To some extent, the disclosure that the federal government only now learned that three years ago al Qaeda was checking out these buildings underscores the limited nature of the intelligence in the government's hands -- and how little the administration knows about al Qaeda's activities.
    Michael Greenberger, director of the Center for Health and Homeland Security at the University of Maryland, found it curious that the administration withheld the dated nature of the information at the time of the original announcement and disclosed it only after President Bush made a Rose Garden appearance Monday to discuss reforms of the intelligence community recommended by the Sept. 11 commission.
    When Bush held his news conference, reporters knew only that the administration had recently uncovered this information. Bush "would have faced more difficult questions" if reporters had known how much of the information had been obtained three years after the surveillance, Greenberger said.
    Greenberger added that the alert "has left a lot of anger in its wake" among local officials, who had to use resources and money that might have been held in reserve if the age of the intelligence had been clear from the beginning. He said the administration's credibility may be hurt the next time it issues a warning.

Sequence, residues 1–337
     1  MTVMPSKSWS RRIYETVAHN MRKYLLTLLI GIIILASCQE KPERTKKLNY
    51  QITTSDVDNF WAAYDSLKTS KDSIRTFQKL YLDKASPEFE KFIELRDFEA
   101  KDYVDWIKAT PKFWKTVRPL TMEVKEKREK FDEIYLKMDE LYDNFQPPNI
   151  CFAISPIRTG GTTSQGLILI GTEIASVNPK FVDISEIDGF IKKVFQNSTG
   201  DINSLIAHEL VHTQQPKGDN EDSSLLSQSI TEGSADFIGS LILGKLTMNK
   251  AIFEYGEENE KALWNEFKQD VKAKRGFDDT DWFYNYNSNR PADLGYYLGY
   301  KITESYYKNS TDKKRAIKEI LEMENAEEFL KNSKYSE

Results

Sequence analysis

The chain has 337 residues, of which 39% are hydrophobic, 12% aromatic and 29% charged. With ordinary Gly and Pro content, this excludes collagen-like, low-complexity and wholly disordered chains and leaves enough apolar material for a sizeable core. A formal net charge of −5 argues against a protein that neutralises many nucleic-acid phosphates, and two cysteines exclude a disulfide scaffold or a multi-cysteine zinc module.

"It is going to wear the welcome mat away," Greenberger said.
    "I've always found if you are straightforward and honest with people and give them the facts, it is a lot easier for them to deal with," said James Lee Witt, head of the Federal Emergency Management Agency under President Bill Clinton and now head of a crisis consulting firm. "They should have said, 'This is the information we found, but it is old.' That is what I would have done."

The Guardian (UK), "US officials defend terror alert", 4 August 2004.
[ http://www.guardian.co.uk/usa/story/0,12271,1275574,00.html ]
    US officials yesterday insisted they were right to raise the alert over a potential terrorist attack against a US financial target, despite the fact that much of the information that prompted the warning was years old.
    Earlier, Tom Ridge, the secretary of homeland security, conceded that almost all the evidence found on computer files seized recently in Pakistan pointed to al-Qaida surveillance of key financial establishments that pre-dated September 11 2001.
    He said that some of the information had been updated as recently as January, but added there was "no evidence" of more recent surveillance. That did not mean there was no imminent threat, he argued, because of al-Qaida's reputation for long-term planning.
    His claim there was no evidence of recent surveillance directly contradicted an earlier intelligence briefing to reporters suggesting the surveillance of targets "probably continues even today".

"The Insider" mailing list article, 03 August 2004.